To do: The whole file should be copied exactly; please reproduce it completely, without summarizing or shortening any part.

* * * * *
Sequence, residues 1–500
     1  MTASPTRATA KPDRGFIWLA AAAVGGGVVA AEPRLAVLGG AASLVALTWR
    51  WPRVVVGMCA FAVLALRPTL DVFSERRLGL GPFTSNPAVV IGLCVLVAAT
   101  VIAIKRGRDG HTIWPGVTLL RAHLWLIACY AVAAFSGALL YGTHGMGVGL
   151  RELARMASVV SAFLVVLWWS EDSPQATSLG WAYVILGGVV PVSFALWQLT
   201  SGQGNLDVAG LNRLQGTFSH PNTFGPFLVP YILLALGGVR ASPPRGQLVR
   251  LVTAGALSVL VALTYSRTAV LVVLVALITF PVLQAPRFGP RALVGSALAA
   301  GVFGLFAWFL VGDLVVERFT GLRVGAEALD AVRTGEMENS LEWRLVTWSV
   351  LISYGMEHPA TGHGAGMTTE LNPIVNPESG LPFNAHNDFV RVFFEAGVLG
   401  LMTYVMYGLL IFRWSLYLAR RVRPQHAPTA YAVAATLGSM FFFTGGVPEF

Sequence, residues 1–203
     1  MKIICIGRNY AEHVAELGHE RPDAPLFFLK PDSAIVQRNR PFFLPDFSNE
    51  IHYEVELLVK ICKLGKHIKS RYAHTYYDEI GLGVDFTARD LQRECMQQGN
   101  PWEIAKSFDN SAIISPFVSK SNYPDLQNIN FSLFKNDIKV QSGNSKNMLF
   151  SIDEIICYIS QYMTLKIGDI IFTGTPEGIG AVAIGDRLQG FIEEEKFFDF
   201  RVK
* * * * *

Sequence, residues 1–500
     1  MTASPTRATA KPDRGFIWLA AAAVGGGVVA AEPRLAVLGG AASLVALTWR
    51  WPRVVVGMCA FAVLALRPTL DVFSERRLGL GPFTSNPAVV IGLCVLVAAT
   101  VIAIKRGRDG HTIWPGVTLL RAHLWLIACY AVAAFSGALL YGTHGMGVGL
   151  RELARMASVV SAFLVVLWWS EDSPQATSLG WAYVILGGVV PVSFALWQLT
   201  SGQGNLDVAG LNRLQGTFSH PNTFGPFLVP YILLALGGVR ASPPRGQLVR
   251  LVTAGALSVL VALTYSRTAV LVVLVALITF PVLQAPRFGP RALVGSALAA
   301  GVFGLFAWFL VGDLVVERFT GLRVGAEALD AVRTGEMENS LEWRLVTWSV
   351  LISYGMEHPA TGHGAGMTTE LNPIVNPESG LPFNAHNDFV RVFFEAGVLG
   401  LMTYVMYGLL IFRWSLYLAR RVRPQHAPTA YAVAATLGSM FFFTGGVPEF

Sequence, residues 1–203
     1  MKIICIGRNY AEHVAELGHE RPDAPLFFLK PDSAIVQRNR PFFLPDFSNE
    51  IHYEVELLVK ICKLGKHIKS RYAHTYYDEI GLGVDFTARD LQRECMQQGN
   101  PWEIAKSFDN SAIISPFVSK SNYPDLQNIN FSLFKNDIKV QSGNSKNMLF
   151  SIDEIICYIS QYMTLKIGDI IFTGTPEGIG AVAIGDRLQG FIEEEKFFDF
   201  RVK